TAMPA — Mike Glennon took the field Wednesday night at quarterback for the Bucs in their final preseason game. If things work out just right, it will be Glennon's final game in a Tampa Bay uniform.
The Bucs should trade him. As soon as possible. Or at least as soon as they can get something decent for him. By decent, I mean a third-round pick. Maybe even a fourth.
Could they trade him? Maybe. Will they trade him? Probably not. Should they trade him? Absolutely.
Let's start with this: A year from now, Glennon is not going to be here. He's a free agent after the season, and he wants to start in this league. That will never happen in Tampa Bay as long as nothing unfortunate happens to Jameis Winston.
So if he is going to leave after this season and has value now, why not get something decent for him while you can?
Of course, this is assuming he does have value. It takes two to trade, and there's no indication that anyone has even called the Bucs. But wouldn't you think a few teams would be interested, most notably the Vikings?
Their starting quarterback, Teddy Bridgewater, was lost for the season Tuesday with a devastating knee injury. That's a playoff team if it can find a capable quarterback to step in. Of all the possible replacements, Glennon might be the best of the bunch.
You have to think the Vikings have at least discussed the option, and they might be desperate enough to overpay. If that's the case, not only should Bucs GM Jason Licht make the deal, he should personally drive Glennon to Minnesota to make sure he gets there safely.
And there could be other teams that will soon be interested. Maybe Dak Prescott won't work out filling in for the injured Tony Romo in Dallas. Maybe Denver will realize none of its quarterbacks can play. Maybe another team loses its starter to injury.
Glennon, because of his age (26) and experience, would have to be on everyone's wish list.
Sounds simple, right? So it will happen any day now?
I wouldn't count on it.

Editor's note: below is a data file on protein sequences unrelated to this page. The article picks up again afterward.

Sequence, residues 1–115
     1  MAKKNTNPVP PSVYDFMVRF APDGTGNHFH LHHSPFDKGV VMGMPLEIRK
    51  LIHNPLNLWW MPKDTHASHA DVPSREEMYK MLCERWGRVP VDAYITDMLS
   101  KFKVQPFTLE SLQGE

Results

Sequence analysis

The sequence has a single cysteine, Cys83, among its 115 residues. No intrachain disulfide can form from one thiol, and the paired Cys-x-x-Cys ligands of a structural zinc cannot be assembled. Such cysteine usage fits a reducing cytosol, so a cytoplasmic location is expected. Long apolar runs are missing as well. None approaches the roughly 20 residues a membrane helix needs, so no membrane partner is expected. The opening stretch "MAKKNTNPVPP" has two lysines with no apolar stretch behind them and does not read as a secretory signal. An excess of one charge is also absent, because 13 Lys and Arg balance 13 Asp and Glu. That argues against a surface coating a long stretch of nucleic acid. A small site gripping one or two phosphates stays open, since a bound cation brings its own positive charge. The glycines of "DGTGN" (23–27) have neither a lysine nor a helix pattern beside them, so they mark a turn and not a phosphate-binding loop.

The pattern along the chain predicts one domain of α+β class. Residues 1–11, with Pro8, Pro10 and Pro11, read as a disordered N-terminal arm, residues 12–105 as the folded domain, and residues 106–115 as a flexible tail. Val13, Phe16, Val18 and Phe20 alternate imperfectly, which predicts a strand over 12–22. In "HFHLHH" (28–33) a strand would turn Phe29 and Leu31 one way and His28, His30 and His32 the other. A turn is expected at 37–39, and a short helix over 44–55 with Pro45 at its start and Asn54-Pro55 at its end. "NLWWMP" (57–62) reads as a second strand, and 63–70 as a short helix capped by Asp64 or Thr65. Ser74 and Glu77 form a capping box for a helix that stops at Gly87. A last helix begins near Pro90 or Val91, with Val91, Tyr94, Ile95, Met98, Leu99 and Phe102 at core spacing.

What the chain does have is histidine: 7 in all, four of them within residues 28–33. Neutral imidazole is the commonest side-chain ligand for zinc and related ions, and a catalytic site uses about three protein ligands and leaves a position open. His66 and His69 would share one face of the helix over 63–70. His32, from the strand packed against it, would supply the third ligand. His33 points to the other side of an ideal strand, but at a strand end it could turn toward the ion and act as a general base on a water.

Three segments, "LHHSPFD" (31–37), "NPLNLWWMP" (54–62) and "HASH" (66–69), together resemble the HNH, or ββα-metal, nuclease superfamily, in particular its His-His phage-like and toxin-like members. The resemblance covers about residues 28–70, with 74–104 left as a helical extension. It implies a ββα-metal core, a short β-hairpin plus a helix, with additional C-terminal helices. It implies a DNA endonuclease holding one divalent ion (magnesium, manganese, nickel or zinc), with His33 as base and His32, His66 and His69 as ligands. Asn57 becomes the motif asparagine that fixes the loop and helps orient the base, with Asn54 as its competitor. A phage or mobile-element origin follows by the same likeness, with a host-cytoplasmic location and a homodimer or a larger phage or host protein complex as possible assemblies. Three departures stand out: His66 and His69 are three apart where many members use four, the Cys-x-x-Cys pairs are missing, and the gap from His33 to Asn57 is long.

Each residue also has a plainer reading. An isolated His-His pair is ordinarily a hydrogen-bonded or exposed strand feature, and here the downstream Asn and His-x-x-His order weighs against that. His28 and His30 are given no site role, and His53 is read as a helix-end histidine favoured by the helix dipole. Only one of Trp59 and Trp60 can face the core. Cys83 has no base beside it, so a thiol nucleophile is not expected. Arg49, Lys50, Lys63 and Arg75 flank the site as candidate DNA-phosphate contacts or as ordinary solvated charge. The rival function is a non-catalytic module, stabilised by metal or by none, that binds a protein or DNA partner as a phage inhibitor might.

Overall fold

Here's why not, and this is probably what the Bucs are thinking: What if Winston gets hurt — for a game, for two games, for longer? Then who plays?
With Glennon, you have a guy who is not going to hyperventilate when told to grab a helmet and get in there. He has started 18 NFL games. Every team wants a reliable backup quarterback, and the Bucs have one in Glennon. So why ship him to another team and give the backup job to Ryan Griffin, who has never taken a snap in a regular-season game?
But this is where things get complicated.
The only reason you refuse to trade Glennon is if you think you're a team that's good enough to make the playoffs and, if things break just right, make a deep postseason run. In that case, you need Glennon to get you through a stretch in the event Winston goes down.
Maybe Licht and coach Dirk Koetter think they have a team that good. They at least have to act like they do.
Some of us don't think the Bucs are that good, yet. Even with Winston, I don't believe this is a playoff team. If Winston goes down, I think the season goes to pot, even with Glennon. With Winston, this feels like a six- or seven-win team. Without Winston, no matter his replacement, it seems like a four- or five-win team, at best.
See, that's the other part of this scenario. Is Glennon really that good? His reputation around the league might be better than his actual talent. He's 5-13 as a starter.
To be fair, he was surrounded by a bad team when he played. But if he was so good, if his future was so bright, why did the Bucs sign Josh McCown in 2014 and a year later draft Winston?
For all we know, the Bucs like Griffin better. But he's unproven, and that's why you swallow hard before trading Glennon. Trading Glennon means you would hold your breath every time Winston drops back to pass. But doesn't every NFL team do that when its starter sits in the pocket?
You can't blame Licht and Koetter for being a little gun-shy about letting Glennon go. You can't blame them for fearing their team ends up going 2-14 with Griffin if Winston was to be lost for the season.
For that reason, don't be shocked if Glennon stays in Tampa Bay. For now, anyway.
The good news is it gives the Bucs a decent backup quarterback. The bad news is it probably doesn't make a difference.
Trade him. Maybe someone will give you the world. Maybe you can get a second-round pick for him.
Then you could draft another kicker.